Despite the lack of competition in the India-New Zealand series final match in Visakhapatnam, India captain MS Dhoni would be a fairly relieved man as he was under pressure after the visitors tied things at 2-2 .
Dhoni’s bowlers won him the last match. And if Dhoni looks back to this series, the biggest takeaway for him would be the number of bowlers he has gained from this series. It wouldn’t have been possible had he not played a few punts --- making Kedar Jadhav the mystery spinner, opening the bowling with Hardik Pandya, or tying the loose ends with Amit Mishra.
In that way, this series has been a departure of sorts for India. Had R Ashwin, Ravindra Jadeja and Mohammed Shami played , India could have won with a comfortable margin. Two scenarios forced Dhoni to think different --- a long India-England Test series that required India’s top bowlers to take rest, and the Champions Trophy that starts just after the Indian Premier League next year.
For almost a decade now, the IPL has been a breeding ground of players who can produce cameos with the ball or bat. But in ODIs, the stint in the middle is longer and hence potential players need a longer tuning in. Given the ODI series against England in January comprises just three matches, the series against New Zealand had to be the testing ground for the Champions Trophy.
Dhoni is a firm believer in not changing too many things but even he could say most of his experiments went off well. By not giving Kedar Jadhav a full quota of overs even once, he made him look unpredictable for the Kiwis. In Mishra’s case, Dhoni allowed the leg-spinner to be himself --- tossing the ball at irresistible lengths for the batsmen. Thankfully for Mishra and Dhoni, those deliveries fetched more wickets than runs. It would be unfair not to mention the contributions of Axar Patel, Umesh Yadav and Jasprit Bumrah in this context.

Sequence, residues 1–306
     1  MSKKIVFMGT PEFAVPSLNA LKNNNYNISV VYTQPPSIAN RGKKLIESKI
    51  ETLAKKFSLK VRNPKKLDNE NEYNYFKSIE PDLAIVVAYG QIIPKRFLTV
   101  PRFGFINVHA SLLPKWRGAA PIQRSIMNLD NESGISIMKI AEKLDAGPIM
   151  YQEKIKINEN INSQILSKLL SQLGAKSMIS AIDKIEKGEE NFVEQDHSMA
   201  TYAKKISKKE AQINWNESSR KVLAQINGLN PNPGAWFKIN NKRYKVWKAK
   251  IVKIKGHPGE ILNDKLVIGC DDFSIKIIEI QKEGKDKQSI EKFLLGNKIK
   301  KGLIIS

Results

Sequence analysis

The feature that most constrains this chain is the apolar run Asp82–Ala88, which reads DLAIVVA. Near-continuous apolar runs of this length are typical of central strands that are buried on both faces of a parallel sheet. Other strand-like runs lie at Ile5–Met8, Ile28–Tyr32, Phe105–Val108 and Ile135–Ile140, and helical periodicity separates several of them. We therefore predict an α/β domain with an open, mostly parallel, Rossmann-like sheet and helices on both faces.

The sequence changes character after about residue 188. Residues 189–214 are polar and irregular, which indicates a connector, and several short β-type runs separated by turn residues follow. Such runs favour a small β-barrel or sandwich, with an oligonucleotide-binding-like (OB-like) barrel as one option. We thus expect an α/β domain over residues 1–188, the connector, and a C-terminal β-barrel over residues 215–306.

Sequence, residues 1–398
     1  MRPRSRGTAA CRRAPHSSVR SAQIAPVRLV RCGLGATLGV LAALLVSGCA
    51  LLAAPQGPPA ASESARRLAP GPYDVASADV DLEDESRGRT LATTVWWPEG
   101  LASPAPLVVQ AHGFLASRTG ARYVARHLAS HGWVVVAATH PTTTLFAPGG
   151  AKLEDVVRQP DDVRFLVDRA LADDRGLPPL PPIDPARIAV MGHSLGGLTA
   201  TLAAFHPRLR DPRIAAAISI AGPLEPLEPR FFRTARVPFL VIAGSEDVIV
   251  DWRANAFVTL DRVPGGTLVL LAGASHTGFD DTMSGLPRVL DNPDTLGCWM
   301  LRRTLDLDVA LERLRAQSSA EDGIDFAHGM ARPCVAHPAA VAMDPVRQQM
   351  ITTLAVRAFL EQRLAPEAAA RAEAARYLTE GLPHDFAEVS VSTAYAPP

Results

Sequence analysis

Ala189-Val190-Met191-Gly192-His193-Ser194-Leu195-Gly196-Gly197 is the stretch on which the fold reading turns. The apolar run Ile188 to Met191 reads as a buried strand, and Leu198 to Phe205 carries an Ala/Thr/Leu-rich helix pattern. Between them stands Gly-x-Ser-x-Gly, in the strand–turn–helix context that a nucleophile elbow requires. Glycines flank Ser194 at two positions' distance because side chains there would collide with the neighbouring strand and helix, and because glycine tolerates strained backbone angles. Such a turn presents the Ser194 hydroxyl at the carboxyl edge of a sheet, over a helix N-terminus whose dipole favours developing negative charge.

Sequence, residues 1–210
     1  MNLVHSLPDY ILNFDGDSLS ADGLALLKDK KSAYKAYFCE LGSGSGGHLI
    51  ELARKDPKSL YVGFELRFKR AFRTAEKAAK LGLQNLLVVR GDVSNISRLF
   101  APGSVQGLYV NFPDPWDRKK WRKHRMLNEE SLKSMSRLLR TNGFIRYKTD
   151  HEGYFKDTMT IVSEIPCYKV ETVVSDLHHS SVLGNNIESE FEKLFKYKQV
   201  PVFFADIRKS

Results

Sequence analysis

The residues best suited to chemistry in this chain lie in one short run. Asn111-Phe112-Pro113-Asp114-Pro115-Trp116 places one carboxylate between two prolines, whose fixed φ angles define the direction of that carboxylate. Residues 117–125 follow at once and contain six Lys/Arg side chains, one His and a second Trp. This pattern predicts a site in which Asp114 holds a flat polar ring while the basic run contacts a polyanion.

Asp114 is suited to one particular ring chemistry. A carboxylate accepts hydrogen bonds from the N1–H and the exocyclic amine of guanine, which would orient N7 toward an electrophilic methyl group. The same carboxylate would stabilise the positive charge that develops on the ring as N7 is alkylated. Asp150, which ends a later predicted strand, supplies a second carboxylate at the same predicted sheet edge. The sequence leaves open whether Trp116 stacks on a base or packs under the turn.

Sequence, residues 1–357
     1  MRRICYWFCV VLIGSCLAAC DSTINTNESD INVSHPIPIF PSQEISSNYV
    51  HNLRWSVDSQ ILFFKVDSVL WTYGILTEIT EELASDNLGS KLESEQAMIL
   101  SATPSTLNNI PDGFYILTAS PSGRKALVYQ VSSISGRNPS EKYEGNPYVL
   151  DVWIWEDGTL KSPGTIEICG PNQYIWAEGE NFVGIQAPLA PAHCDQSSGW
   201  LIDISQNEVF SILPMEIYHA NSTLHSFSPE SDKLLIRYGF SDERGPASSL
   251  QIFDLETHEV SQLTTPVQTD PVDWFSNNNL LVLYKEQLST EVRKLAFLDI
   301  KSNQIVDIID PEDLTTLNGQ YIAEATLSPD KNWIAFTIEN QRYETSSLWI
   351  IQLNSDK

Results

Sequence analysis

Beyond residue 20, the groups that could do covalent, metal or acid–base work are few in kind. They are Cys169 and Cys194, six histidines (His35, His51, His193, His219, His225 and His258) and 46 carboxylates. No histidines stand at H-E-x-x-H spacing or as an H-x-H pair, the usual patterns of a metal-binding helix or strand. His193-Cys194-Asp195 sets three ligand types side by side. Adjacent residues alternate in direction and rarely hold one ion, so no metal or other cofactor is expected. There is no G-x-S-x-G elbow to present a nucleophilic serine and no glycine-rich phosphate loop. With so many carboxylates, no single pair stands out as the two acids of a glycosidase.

Patel did everything that Jadeja would have done at his position. Not only was he able to tie down the runs in the middle overs, he even brought India close to a victory in Ranchi.
Bumrah and Yadav deserve special mention simply because of their contribution despite the small roles assigned to them. If Bumrah was spot on with his blockhole deliveries, Yadav should be applauded for keeping his economy under six and showing more control with the new ball.
Pandya however was the punt of this series. Not only was he successful opening the bowling in Dharamsala, he proved his utility in the middle overs by taking the wicket of Martin Guptill just when he was opening up for a huge innings in Ranchi.
What should bring back creases on Dhoni’s forehead is India’s inconsistent batting. Barring Virat Kohli’s stupendous form, this has been a strange series for India. Ajinkya Rahane was made to open the batting with Rohit Sharma but not for a single match did they click together.
Rahane scored 57 in the fourth ODI and Sharma salvaged a poor series with a 70 in Visakhapatnam but Dhoni needed to see if they could stitch a solid opening partnership. Manish Pandey was given a decent outing but he still looks in the need of a few more to get in the groove.
Biggest confusion has been created by Dhoni himself. For three successive matches, Dhoni came at No.4 to try his luck setting up wins rather than finishing. While it certainly makes more sense for him to come up the order when India are setting targets, the jury is still out whether he should have left a young middle order the job of pulling off an improbable chase in Ranchi.
If Dhoni is looking at Pandya as the next finisher then he better make him get a proper feel of that in the ODI series against England. Given the short duration of that series though, a lot would depend on how Dhoni guides him when it matters.